Graphic Organizers

 

You will pick up new ideas from the book, Brain Rules by Dr. John Medina, regardless of what you may already know about learning and the brain. According to Brain Rule # 10 of the book, vision trumps all other senses.

I am sure many of you who are military families or whose spouses work in a field where it is expected that they will be gone now and then, will probably have a vivid sense of how it is to raise children by yourself. My husband is in the military, and he gets deployed a lot. In most cases, I am alone in dealing with our children’s activities. The stresses of our everyday life can easily become overwhelming.

One popular way I handle the chaos brought about by the demands of our daily schedule is through a family calendar of events and activities. The calendar allows me to visualize the flow of events, and it also gives me a feel of the amount of energy that will probably be required from me. It is a vital tool I consider when planning for next season’s activities.

A family calendar is an example of a graphic organizer. A graphic organizer is a visual tool anyone can use to outline relationships between (or within) facts, events, tasks and ideas. There is a plethora of graphic organizer samples in Internet. Two of the many fantastic sites to visit are  http://www.eduplace.com/graphicorganizer/ and http://freeology.com/graphicorgs/.

You can also produce a style that suits you or your child’s learning needs.

I use graphic organizers in my home schooling. I have created some  and have utilized many diagrams that I learned from the seminars and workshops I attended from our Charter school (River Spring Charter School).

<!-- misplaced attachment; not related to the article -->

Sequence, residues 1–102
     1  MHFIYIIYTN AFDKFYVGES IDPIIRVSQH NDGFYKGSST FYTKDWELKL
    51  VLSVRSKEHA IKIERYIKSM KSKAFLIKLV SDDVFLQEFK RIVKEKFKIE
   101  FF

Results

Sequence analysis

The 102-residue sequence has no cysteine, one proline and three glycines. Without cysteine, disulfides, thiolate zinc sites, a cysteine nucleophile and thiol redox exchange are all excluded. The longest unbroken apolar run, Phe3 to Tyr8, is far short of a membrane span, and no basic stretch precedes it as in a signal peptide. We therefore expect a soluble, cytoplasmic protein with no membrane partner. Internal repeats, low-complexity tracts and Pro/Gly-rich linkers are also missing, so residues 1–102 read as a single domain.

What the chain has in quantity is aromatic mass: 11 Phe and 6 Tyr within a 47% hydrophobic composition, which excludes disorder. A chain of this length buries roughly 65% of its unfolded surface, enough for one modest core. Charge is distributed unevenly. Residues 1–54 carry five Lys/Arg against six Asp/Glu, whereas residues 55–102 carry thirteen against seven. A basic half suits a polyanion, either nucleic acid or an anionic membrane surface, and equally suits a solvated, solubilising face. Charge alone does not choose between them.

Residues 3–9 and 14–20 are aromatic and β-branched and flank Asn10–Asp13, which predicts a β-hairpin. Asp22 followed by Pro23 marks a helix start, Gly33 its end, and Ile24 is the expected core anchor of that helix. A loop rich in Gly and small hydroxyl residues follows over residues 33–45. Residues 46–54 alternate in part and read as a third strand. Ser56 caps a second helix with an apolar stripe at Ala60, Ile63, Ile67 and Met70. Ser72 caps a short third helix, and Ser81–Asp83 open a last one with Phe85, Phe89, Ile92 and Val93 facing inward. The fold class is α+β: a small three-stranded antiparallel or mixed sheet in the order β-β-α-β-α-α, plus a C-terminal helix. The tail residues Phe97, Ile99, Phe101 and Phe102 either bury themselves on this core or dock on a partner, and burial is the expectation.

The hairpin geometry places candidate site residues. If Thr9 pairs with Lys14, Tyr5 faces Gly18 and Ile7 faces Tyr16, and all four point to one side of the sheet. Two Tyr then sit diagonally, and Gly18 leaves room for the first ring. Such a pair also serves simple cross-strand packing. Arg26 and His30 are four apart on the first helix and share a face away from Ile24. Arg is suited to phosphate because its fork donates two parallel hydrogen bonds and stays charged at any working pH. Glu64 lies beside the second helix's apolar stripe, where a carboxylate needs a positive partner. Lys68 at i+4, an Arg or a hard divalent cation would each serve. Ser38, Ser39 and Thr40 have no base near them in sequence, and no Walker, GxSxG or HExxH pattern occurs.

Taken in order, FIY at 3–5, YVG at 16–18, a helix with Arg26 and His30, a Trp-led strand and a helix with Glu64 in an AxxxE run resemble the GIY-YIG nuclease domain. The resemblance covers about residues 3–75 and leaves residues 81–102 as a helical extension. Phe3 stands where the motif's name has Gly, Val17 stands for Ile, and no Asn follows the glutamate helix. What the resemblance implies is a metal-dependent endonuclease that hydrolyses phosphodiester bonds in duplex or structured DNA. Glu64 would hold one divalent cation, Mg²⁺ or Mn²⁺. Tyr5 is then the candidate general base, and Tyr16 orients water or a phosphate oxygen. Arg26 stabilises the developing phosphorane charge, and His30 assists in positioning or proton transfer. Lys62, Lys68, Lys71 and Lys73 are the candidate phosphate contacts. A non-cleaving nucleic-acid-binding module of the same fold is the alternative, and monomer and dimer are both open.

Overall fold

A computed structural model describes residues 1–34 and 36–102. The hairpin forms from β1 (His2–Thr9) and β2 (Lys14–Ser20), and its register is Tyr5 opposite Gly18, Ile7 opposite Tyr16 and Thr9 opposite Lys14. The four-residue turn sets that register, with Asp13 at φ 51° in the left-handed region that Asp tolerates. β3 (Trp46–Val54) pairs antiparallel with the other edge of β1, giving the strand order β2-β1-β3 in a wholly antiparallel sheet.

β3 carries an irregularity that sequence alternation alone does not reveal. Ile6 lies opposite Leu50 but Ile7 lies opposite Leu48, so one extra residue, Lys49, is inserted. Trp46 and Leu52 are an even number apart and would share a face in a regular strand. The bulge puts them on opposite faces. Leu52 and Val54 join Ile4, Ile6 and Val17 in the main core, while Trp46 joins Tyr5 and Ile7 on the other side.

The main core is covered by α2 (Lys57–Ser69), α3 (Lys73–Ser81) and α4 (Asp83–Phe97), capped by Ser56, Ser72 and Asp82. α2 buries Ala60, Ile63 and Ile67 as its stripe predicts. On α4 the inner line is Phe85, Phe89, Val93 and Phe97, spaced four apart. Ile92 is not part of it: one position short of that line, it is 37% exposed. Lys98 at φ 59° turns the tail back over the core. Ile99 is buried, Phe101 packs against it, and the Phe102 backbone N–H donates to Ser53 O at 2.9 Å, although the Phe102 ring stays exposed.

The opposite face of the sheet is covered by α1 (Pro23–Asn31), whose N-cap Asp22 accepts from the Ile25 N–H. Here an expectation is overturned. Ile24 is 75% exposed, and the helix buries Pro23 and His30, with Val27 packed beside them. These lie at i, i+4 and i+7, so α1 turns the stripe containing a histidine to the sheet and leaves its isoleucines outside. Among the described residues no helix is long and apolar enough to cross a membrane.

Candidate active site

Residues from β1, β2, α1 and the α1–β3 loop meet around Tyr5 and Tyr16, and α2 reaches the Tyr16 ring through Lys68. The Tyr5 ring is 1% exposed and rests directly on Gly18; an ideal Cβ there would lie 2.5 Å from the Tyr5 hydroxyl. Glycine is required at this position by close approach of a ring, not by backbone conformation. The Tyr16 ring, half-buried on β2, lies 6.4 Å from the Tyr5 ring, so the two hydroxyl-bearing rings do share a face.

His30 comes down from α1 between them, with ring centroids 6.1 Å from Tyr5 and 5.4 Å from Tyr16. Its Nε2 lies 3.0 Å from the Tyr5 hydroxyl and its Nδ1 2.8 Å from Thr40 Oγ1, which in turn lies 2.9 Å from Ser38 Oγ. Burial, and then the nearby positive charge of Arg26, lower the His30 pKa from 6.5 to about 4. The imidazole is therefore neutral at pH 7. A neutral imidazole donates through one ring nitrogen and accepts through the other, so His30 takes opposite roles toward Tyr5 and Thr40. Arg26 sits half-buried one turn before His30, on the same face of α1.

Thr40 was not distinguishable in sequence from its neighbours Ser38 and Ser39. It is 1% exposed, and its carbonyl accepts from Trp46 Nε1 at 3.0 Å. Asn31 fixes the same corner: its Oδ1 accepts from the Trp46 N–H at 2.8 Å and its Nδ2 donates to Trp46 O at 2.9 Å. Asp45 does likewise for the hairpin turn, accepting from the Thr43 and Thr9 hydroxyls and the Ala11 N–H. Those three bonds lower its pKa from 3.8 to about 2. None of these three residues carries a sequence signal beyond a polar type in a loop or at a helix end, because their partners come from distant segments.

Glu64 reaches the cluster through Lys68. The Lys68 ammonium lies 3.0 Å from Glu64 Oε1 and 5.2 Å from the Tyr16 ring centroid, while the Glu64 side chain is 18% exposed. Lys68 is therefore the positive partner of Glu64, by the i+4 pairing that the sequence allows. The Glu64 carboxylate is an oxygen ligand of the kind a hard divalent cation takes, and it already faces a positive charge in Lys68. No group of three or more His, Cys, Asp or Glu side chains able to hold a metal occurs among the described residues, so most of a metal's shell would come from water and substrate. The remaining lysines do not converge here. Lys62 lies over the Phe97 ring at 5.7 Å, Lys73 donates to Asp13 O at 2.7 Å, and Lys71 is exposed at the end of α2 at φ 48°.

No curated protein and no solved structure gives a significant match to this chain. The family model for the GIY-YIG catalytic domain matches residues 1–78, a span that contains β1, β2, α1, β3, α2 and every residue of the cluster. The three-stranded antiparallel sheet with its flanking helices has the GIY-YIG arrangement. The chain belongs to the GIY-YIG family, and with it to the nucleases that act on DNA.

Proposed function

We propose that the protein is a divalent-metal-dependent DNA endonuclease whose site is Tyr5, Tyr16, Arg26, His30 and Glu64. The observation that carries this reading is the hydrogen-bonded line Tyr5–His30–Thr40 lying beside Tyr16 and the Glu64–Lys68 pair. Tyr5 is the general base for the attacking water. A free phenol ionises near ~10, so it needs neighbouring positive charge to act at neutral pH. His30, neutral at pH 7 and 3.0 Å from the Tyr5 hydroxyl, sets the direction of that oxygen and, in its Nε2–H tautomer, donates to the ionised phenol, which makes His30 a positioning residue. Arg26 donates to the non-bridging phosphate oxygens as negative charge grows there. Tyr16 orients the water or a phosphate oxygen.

Below is a sample of a completed Vocabulary Enrichment form I created for home school reading and vocabulary enhancement exercises.

 

Material Read: Advice to Little Girls by Mark Twain                  
Student: 5th Grader
WORD ETYMOLOGY WHAT PART OF SPEECH DEFINITION SAMPLE SENTENCE
Trifling Middle English Adjective Another way of saying unimportant The student’s argument about the subject is trifling.
Peculiarly Middle English Adjective    Different from normal  That boy’s peculiarly odd taste in clothing sets him apart from the rest.
Aggravated Latin Transitive Verb To make a burden The girl’s injury was further aggravated by infection.
Eminently   Adverb Has the same meaning of very, but high degree The mother was eminently disturbed by the child’s shouting.
Plausible Latin Adjective Superficially fair or reasonable The child’s wish was plausible given his condition.
Immediate Middle English Adjective Acting without intervention or another object His teacher is immediate of his actions in music class.
Whim   Noun It’s like saying fancy Adam’s father quit his job on a whim.
Foibles French Noun A weakness or a minor flaw of behavior Officers study their enemy’s foibles.

 

 

    

 

 

 

 

 

 

 

 

 

 

 

 

 

 

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